Kesi Widjajanti and Widodo
  This study aims to analyze the correlation of organizational learning, knowledge sharing and human capital and its effect on organizational innovation then, create a development model for organizational innovation-based on human capital, knowledge sharing and organizational learning for SMEs in semarang. The population of this study is all leaders of SMEs in Semarang City with a number of 150 respondents. The sampling technique used is purposive sampling. To analyze the data in this study, it is used the Structural Equation Model (SEM) of AMOS 5.0 software package. The findings of this study conclude that to improve organizational innovation based on human capital, knowledge sharing and organizational learning is through: first, organizational innovation must be built by human capital; second, organizational innovation must be built by a knowledge sharing and third, organizational innovation must be built by organizational learning.
  Ismiarti , Yustina Yuni Suranindyah and Widodo
  Background and Objective: In Indonesia, smallholder dairy farms contribute 20.37% of domestic market. A small portion of these farms is from goat dairy farms that are traditionally managed with poor sanitation during milking and improper storage management. This system causes contamination that can affect consumer health and cause financial loss. This study aimed to evaluate the microbiological quality of goat milk obtained under different milking systems at a smallholder dairy farm in Yogyakarta, Indonesia. Materials and Methods: Samples were collected from 20 crossbred dairy goats divided into two groups: Group A and B. In Group A, milking was conducted manually. In Group B, milking was conducted using a bucket milking machine. Total Plate Count (TPC) and the presence of Enterobacteriaceae (EB), Shiga toxin-producing Escherichia coli (STEC) and Salmonella were assessed. Data obtained were analyzed using a t-test. Results: The results showed that TPC and EB were higher in Group A than in Group B. In Groups A and B, 80% (8/10) of samples contained STEC and 30% (3/10) contained Salmonella. Phylogenetic analysis showed that partial sequencing of amplified genomic DNA using stx1 primers had more than 90% similarity with several sequences of Escherichia coli O157:H7 strain Shiga toxin subunit 1A (stx1A) and Shiga toxin subunit 1B (stx1B). Moreover, partial sequencing of amplified genomic DNA using 16S rRNA primers had more than 90% similarity with several sequences of S. enterica. Conclusion: The results conclude that hygienic and sanitary practices in smallholder dairy goat farming are still poor as shown by the presence of pathogenic bacteria.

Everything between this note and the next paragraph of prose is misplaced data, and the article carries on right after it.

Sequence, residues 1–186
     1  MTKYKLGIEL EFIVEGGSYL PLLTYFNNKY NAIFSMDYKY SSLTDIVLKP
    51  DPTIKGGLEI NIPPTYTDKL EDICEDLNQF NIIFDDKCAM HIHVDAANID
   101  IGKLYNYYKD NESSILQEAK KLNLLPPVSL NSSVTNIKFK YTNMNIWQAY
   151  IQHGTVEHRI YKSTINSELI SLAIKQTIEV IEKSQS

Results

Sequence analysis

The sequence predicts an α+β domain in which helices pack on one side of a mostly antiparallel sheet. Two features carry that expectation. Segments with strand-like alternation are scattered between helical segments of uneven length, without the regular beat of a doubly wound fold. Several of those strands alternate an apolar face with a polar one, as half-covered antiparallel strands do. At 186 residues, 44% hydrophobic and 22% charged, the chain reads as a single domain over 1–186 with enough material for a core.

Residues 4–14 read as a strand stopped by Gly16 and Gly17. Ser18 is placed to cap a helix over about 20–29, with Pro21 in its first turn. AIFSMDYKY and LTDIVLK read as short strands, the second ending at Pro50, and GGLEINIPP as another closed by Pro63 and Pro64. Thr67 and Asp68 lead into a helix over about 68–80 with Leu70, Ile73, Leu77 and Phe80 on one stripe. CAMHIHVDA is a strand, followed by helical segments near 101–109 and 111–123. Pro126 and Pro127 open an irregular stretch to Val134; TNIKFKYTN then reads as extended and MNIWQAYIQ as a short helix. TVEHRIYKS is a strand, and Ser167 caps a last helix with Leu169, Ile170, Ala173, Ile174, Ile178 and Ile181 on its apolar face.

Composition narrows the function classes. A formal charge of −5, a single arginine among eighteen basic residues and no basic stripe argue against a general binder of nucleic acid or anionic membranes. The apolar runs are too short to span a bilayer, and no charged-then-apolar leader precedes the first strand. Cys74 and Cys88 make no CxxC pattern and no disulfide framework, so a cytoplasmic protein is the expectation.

Tri Rapani Febbiyanti , Suryo Wiyono , Sudirman Yahya and Widodo
  Background and Objectives: Stem canker diseases of rubber tree (Hevea brasiliensis) is a new disease and as so far not reported yet in Indonesia. Now-a-days the occurrence of this disease is increasing by time. The objectives of this study were: (1) To determine the causative agent of stem canker and (2) To characterize the morphology and molecular properties of the pathogen. Materials and Methods: The study was conducted at Sembawa Research Laboratory, Rubber Research Center, South Sumatera and mycology Laboratory, IPB Plant Protection Department, from January, 2014-January, 2016. This research was conducted in three stages, namely, 1: Morphological identification based on the form of colonies and conidia as a reference used Barnet and Hunter identification keys and confirmed with previous studies, 2: Molecular identification using ITS 4 and ITS5 primers and sequence analysis using the BLAST program at www.ncbi.nlm.nih .gov website and 3: Pathogenicity test using Koch’s postulate. Results: The result showed that morphology observation and molecular identification indicated that pathogen causing stem canker disease on rubber was Lasiodiplodia theobromae. The result of pathogenicity test showed that there was similarity of symptoms that arise between artificial inoculation and natural symptoms in the field. Another similarity that was also seen was the appearance of the fruiting body on the infected part. Conclusion: Lasiodiplodia theobromae was a pathogen causing stem canker disease on rubber tree, proven by morphology, molecular identification and Koch's postulates.
  Dina Tri Marya , Nurliyani , Widodo and Sunarti